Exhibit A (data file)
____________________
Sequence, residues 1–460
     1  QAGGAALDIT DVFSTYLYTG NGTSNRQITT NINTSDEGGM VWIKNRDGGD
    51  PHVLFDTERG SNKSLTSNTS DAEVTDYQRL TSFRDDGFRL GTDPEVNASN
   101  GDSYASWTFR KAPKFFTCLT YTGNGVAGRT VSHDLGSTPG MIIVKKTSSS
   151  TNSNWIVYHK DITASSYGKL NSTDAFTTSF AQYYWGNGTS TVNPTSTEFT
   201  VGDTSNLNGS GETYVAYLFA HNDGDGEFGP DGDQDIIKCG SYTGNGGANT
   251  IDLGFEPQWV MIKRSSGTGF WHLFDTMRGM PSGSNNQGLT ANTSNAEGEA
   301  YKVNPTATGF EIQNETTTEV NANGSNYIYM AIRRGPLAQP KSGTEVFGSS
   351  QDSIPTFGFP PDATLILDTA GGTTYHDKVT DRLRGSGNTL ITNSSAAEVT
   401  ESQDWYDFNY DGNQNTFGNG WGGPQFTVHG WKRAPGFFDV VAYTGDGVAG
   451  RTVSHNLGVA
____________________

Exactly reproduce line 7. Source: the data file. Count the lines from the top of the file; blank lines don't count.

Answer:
   251  IDLGFEPQWV MIKRSSGTGF WHLFDTMRGM PSGSNNQGLT ANTSNAEGEA